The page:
Conceptualization, C.R. and S.L.-M.; Data curation, E.O.C.; Formal analysis, E.O.C., C.R. and D.M.C.; Funding acquisition, S.L.-M.; Investigation, E.O.C., C.R., D.M.C., G.B. and S.L.-M.; Methodology, C.R. and D.M.C.; Resources, G.B. and S.L.-M.; Supervision, C.R. and S.L.-M.; Writing—original draft, E.O.C.; Writing—review & editing, C.R., D.M.C., G.B. and S.L.-M. All authors have read and agreed to the published version of the manuscript.


This research was funded by the Portuguese Foundation for Science and Technology (FCT), namely for the research grants: the SFRH/BD/145455/2019 (EOC) and SFRH/BPD/121526/2016 (DMC) and for the contract under the Stimulus of Scientific Employment (DL57/2016 junior researcher contract) (CR). This work was also supported by the following strategic funding of FCT: UID/FIS/04650/2020, UID/BIO/04469/2020, UID/QUI/50006/2020 and project PTDC/BTM-MAT/28237/2017. Finally, the authors acknowledge funding by Spanish State Research Agency (AEI) and the European Regional Development Fund (ERFD) through the project PID2019-106099RB-C43/AEI/10.13039/501100011033 and from the Basque Government Industry and Education Departments under the ELKARTEK and PIBA (PIBA-2018-06) programs, respectively.

Conflicts of Interest

The authors declare no conflict of interest.


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Figure 1. Schematic representation of cell culture conditions.
Figure 1. Schematic representation of cell culture conditions.
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Figure 2. Morphology of (a) neat and (b) magnetic microspheres and corresponding size distribution obtained by SEM and ImageJ software, respectively.
Figure 2. Morphology of (a) neat and (b) magnetic microspheres and corresponding size distribution obtained by SEM and ImageJ software, respectively.
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Figure 3. Microspheres characterization: (a) hydrodynamic size distribution of neat microspheres obtained by dynamic light scattering (DLS) measurements; (b) FTIR-ATR spectra and (c) differential scanning calorimetry (DSC) curves of both synthesized microspheres; and (d) magnetization curves of magnetic microspheres and CoFe2O4 pure powder (inset) obtained by vibrating sample magnetometer (VSM) experiments.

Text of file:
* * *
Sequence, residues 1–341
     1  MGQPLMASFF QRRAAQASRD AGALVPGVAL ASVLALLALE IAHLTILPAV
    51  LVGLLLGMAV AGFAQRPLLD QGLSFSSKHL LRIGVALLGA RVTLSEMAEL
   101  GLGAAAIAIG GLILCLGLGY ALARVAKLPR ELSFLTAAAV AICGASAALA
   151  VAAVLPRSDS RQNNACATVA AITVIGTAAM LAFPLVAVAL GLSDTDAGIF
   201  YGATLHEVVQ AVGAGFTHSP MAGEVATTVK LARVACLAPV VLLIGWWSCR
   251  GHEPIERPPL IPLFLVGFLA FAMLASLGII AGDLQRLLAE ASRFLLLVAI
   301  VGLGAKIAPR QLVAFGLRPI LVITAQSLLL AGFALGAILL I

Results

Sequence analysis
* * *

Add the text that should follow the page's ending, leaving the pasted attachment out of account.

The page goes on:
Figure 3. Microspheres characterization: (a) hydrodynamic size distribution of neat microspheres obtained by dynamic light scattering (DLS) measurements; (b) FTIR-ATR spectra and (c) differential scanning calorimetry (DSC) curves of both synthesized microspheres; and (d) magnetization curves of magnetic microspheres and CoFe2O4 pure powder (inset) obtained by vibrating sample magnetometer (VSM) experiments.
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Figure 4. Cytotoxicity assay results of the 3T3 fibroblast cells in contact with the as-prepared extraction media exposed to the poly (L-lactic acid) (PLLA) and CoFe2O4/PLLA particles after 72 h (relative metabolic activity was presented as the percentage of the negative control with n = 4 ± standard deviation).
Figure 4. Cytotoxicity assay results of the 3T3 fibroblast cells in contact with the as-prepared extraction media exposed to the poly (L-lactic acid) (PLLA) and CoFe2O4/PLLA particles after 72 h (relative metabolic activity was presented as the percentage of the negative control with n = 4 ± standard deviation).
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Figure 5. MC3T3-E1 adhesion to the hydrogel containing (a) neat and (b) magnetic microspheres after 24 h, under static conditions and in a 3D matrix cell culture; and (c) PLLA spheres and (d) CoFe2O4/PLLA spheres uniformly dispersed in the hydrogel.
Figure 5. MC3T3-E1 adhesion to the hydrogel containing (a) neat and (b) magnetic microspheres after 24 h, under static conditions and in a 3D matrix cell culture; and (c) PLLA spheres and (d) CoFe2O4/PLLA spheres uniformly dispersed in the hydrogel.
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Figure 6. MC3T3-E1 proliferation in the hydrogel matrix containing (a) neat and magnetic microspheres, under the static condition and in both matrices; and (b) magnetic microspheres under dynamic conditions and in both matrices. *** p < 0.001; **** p < 0.0001.
Figure 6. MC3T3-E1 proliferation in the hydrogel matrix containing (a) neat and magnetic microspheres, under the static condition and in both matrices; and (b) magnetic microspheres under dynamic conditions and in both matrices. *** p < 0.001; **** p < 0.0001.
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Carvalho, E.O.; Ribeiro, C.; Correia, D.M.; Botelho, G.; Lanceros-Mendez, S. Biodegradable Hydrogels Loaded with Magnetically Responsive Microspheres as 2D and 3D Scaffolds. Nanomaterials 2020, 10, 2421.

AMA Style

Carvalho EO, Ribeiro C, Correia DM, Botelho G, Lanceros-Mendez S. Biodegradable Hydrogels Loaded with Magnetically Responsive Microspheres as 2D and 3D Scaffolds. Nanomaterials. 2020; 10(12):2421.

Chicago/Turabian Style

Carvalho, Estela O., Clarisse Ribeiro, Daniela M. Correia, Gabriela Botelho, and Senentxu Lanceros-Mendez. 2020. "Biodegradable Hydrogels Loaded with Magnetically Responsive Microspheres as 2D and 3D Scaffolds" Nanomaterials 10, no. 12: 2421.